After a successful Day 1, here's what happened on the second full day of Google I/O.
The second day of the show is a bit calmer by design in order to let developers get down into the details of everything that was announced the day before, but there's still plenty of newsworthy information coming out regardless. The big headlines of the day were fresh details on Daydream VR and the final announcement that the Play Store is coming to Chrome OS.
Though we got a pretty solid rundown of Daydream VR at the Day 1 keynote, a handful of sessions on Day 2 gave us all of the deep details on Google's new virtual reality push in Android N. We now know that the Nexus 6P is the first device set up to develop Daydream compatible apps, and Google has also launched a system for using another phone as a controller in lieu of yet-to-be-released Daydream controllers.
Google also confirmed that it plans to release its own takes on the Daydream headset and controller designs, though the focus is still on third-party manufacturers making their own. On the content side, Google gave a sneak peek of the new virtual reality launcher in Android N, as well as new content offerings from YouTube, Google Play Movies and more. For content creation, Google announced partnerships and integrations with movie makers, developers and game engine creators.
- Daydream VR explained: New hardware, new rules, same democratization
- The Nexus 6P is the first Daydream VR development target
- Google is building its own VR headset and controller
- Unreal and Unity game engines to support Google's Daydream VR
- Google is partnering with IMAX for its Jump VR rig
- YouTube offers a sneak peek at its immersive VR app
- Google's Cardboard Field Trip Expeditions has taken students on 1 million trips
After being heavily rumored, Google finally dropped the news on us — Google Play is coming to Chrome OS. Later this year, Chromebooks, Chromeboxes and Chromebases will be able to launch the Google Play Store and download millions of Android apps. Those apps will run as first-class citizens on the system, right next to any Chrome apps you may have.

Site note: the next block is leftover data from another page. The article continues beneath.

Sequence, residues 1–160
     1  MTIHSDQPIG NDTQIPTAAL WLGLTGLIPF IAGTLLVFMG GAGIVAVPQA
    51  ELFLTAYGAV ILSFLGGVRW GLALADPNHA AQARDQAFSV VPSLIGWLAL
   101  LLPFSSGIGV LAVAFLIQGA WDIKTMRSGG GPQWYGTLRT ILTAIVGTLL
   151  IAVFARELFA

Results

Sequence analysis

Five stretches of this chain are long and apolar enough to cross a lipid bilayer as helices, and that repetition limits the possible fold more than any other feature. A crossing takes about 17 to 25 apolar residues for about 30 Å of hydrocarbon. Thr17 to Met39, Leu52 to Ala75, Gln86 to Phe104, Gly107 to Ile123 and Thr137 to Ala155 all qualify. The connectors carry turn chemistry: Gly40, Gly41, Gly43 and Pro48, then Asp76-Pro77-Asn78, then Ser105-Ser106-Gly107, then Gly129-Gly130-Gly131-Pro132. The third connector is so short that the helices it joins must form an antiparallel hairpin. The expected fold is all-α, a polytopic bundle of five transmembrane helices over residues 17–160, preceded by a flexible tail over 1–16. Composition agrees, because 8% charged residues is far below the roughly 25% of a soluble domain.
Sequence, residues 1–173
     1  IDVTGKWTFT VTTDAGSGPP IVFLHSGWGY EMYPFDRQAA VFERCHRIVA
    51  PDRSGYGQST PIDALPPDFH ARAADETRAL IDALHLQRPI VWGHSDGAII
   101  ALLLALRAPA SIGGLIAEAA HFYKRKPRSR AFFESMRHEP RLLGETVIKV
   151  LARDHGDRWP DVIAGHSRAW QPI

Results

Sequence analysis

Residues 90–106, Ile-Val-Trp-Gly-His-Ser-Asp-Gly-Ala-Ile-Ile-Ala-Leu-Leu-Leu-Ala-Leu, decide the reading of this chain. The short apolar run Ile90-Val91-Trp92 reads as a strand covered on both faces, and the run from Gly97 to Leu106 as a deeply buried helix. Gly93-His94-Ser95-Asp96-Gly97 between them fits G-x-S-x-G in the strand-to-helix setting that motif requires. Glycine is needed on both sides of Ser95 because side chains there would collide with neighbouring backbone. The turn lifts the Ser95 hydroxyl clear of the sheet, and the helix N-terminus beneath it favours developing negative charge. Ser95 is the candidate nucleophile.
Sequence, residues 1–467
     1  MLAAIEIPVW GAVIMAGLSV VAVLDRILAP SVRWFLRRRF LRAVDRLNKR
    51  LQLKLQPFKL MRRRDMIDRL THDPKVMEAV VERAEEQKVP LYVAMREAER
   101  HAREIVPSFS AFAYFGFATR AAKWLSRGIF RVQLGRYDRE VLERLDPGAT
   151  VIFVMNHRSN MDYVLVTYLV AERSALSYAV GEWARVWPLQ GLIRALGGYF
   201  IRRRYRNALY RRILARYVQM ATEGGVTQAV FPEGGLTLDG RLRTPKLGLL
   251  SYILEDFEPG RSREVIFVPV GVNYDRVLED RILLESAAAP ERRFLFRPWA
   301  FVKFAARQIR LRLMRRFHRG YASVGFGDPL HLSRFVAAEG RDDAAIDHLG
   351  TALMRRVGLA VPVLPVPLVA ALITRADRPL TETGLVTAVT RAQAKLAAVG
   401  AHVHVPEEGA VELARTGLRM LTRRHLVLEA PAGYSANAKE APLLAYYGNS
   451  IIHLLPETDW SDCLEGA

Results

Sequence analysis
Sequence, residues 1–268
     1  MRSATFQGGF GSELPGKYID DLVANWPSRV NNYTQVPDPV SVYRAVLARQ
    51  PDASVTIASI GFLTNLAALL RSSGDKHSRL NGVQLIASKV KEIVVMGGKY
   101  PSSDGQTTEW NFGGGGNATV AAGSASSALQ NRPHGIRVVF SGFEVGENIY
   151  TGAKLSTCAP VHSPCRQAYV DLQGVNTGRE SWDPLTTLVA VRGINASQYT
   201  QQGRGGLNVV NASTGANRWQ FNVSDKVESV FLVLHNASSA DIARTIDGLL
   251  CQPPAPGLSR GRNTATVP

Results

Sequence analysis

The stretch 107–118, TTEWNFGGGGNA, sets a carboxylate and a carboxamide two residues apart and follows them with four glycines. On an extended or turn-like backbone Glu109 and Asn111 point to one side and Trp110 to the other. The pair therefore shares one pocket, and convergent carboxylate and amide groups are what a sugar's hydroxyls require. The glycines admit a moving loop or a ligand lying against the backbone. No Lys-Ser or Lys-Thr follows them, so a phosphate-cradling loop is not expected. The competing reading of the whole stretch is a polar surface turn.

Unlike the ARC Welder that preceded it, this new implementation opens up a world of possibilities for consumers to get great apps on their Chromebooks.
- Chrome OS announcements at Google I/O: Everything we know
- Google officially announces support for Android apps on Chrome OS
- Google Play Store will soon arrive on a Chromebook near you
- These are the Chromebooks that can run Android apps from Google Play
- What happens when Chrome OS and Android Instant apps collide?
Google Play Awards
Google I/O is all about developers, and part of that story is giving praise to the developers that make the fantastic apps that Google itself notices as being exceptionally great. Google took time after the show on Day 2 to highlight these apps, and while there are big names included that you've heard of, there are plenty that you haven't seen that are worth highlighting and checking out.
The Google I/O 2016 AC podcast
At the end of Day 1 we gathered around a microphone back at the hotel to record a fun "Google I/O 2016 Part 1" podcast where we covered all of the big news of the first day. Now that it's edited and published, we invite you to join us as we talk through everything that was on our minds after several hours running around the land of Google. We'll have a "Part 2" podcast available soon, so check back in for that one as well!